On the peninsula, the ancient Medina, home to Tunisia’s finest lace weavers, is an ideal place for a relaxing stroll. The Skifa el Kahla is a small fort originally built in the 10th century and rebuilt in the 16th century, now acting as a gateway separating the modern town from the peninsula. The highest terrace offers a magnificent panorama of the whole town, from harbour to coast.

There is an extensive maritime cemetery on the tip of the peninsula with graves laid out so that they all have sea views. The port is home to a large fleet of lamplight fishing trawlers and boats and is very lively in the summer when the night fishing season for sardines starts.



On the central plain of Tunisia is the holy city of Kairouan, Capital of the Muslim Maghreb, and one of the most important places for Muslims. The Medina of Kairouan is home to some impressive monuments. Dominating the Medina is the Great Mosque, known as ‘Jamaa Oqba’, founded in 670 by Oqba Ibn Nafaa. Here you will also find the Sidi Sahib Mausoleum with its magnificent ceramics. The souks are in the heart of the Medina, a fascinating labyrinth of shops including, of course, carpet shops. Kairouan is the main carpet-making centre in Tunisia. The Kasbah, a citadel dating from the 18th century, has now been transformed into a five star hotel.

On the edge of the town centre are The Aghlabid Pools – four of the original fourteen have been restored. These were the city’s waterworks – an amazing feat of Arab engineering to bring water to the town over 1000 years ago.



The city, founded in AD 849 on the ruins of the ancient towns Taparura and Thaenae, is the capital of the governorate of Sfax and a thriving, bustling port. It is Tunisia’s second city, after the capital Tunis. It is also home to a sizeable fishing fleet and fish canneries.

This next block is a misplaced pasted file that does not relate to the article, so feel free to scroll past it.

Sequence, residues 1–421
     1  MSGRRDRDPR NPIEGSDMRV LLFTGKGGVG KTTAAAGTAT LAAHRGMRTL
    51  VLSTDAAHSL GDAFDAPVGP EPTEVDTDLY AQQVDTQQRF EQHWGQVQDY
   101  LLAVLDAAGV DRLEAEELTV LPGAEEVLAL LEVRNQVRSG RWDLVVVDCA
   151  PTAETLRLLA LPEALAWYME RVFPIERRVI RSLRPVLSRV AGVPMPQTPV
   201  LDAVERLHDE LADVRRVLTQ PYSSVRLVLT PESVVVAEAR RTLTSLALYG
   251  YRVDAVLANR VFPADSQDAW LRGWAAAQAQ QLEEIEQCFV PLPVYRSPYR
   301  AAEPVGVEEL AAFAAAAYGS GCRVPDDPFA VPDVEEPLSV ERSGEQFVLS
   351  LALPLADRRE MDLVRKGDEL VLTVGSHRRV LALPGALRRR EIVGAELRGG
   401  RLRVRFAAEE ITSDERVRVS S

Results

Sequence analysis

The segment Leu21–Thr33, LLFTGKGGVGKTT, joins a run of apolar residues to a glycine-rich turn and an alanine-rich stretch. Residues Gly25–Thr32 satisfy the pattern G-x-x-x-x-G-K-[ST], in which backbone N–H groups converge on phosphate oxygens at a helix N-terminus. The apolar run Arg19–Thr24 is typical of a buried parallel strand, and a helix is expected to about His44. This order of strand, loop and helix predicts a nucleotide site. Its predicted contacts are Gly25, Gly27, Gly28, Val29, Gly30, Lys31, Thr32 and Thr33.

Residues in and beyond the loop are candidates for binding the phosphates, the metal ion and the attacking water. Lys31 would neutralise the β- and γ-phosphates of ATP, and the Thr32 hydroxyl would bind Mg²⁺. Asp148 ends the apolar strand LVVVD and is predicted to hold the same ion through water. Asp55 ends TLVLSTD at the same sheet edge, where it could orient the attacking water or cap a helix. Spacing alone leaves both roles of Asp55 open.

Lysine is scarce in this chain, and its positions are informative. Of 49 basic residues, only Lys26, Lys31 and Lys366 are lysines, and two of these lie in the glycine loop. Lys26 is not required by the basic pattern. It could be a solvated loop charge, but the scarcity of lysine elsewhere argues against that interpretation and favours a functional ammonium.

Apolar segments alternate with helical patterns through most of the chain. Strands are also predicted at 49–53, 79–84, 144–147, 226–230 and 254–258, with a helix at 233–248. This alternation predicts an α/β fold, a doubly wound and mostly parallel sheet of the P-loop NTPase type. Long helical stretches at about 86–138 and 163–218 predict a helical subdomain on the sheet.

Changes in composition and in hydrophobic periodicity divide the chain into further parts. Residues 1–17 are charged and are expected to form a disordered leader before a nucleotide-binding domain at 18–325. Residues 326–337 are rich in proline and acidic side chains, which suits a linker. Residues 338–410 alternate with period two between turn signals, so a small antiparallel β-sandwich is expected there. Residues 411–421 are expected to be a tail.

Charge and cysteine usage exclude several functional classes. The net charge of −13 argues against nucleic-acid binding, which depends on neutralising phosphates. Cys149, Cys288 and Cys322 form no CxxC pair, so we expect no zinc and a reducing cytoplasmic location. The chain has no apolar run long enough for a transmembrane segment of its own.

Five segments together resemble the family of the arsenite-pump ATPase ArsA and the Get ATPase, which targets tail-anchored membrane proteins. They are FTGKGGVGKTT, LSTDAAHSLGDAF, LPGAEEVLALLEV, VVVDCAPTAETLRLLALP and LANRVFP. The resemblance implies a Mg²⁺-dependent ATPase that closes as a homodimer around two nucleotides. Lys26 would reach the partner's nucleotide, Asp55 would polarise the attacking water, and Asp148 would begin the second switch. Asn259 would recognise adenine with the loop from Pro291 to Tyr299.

ts Medina is still very much part of daily life and a great deal of the economic life of the city is carried out here. Its walls date from the 9th century with the great mosque dating from the 10th century.

Sfax is particularly well served by transport networks – road, rail and air as it has its own airport. There is also a daily ferry to the Kerkennah island of Chergui.



With hundreds of thousands of palm trees, Tozeur, in the South West of Tunisia, is known as the ‘Pearl of the Jerid’ (‘jerid’ meaning the leaf of the palm tree). The town is situated on the edge of the huge Chott El Jerid salt lake and is the commercial centre of the region, as indeed it has been since pre-Roman times. It is famous for its ‘deglet nour’ (‘finger of light’) dates which are its main export.

The old quarter of the town (14th century) is called Ouled el Hadef and here you will find the traditional architecture of the region – high, practically windowless walls built with small yellow/brown handmade bricks, with geometric patterns in relief. It is a fascinating area to wander round, with little gems to discover, like the Museum of Popular Arts and Traditions.

On the edge of the oasis is the Dar Cheraiet complex housing the Dar Cheraiet Hotel, a Museum, an Arabian Nights grotto, a restaurant and a café. The town hosts the annual Festival of the Oasis, held in the winter, which has grown over the years to become an international event of traditional culture, music, dance and poetry.


Houmt Souk, Djerba

Houmt Souk is the delightful capital of the lovely island of Djerba, set in the Gulf of Gabes in the south Tunisia. Djerba is believed to be the home of the mythical ‘lotus eaters’ and has a style and character all of its own.

The town is centred around the beautiful and lively markets. There are two, one vaulted souk, and another for foodstuffs. The small and colourful souk ends in a couple of squares that are filled with outdoor cafés. On the seafront is the fort Borju l-Kabir which is well worth the walk down from the town centre.      The Romans were the first to build a stronghold here but the original fortress was built in the late 13th century by the Sicilians. It later fell into the hands of the Spanish and then the Ottomans who rebuilt most of it in the early 17th century.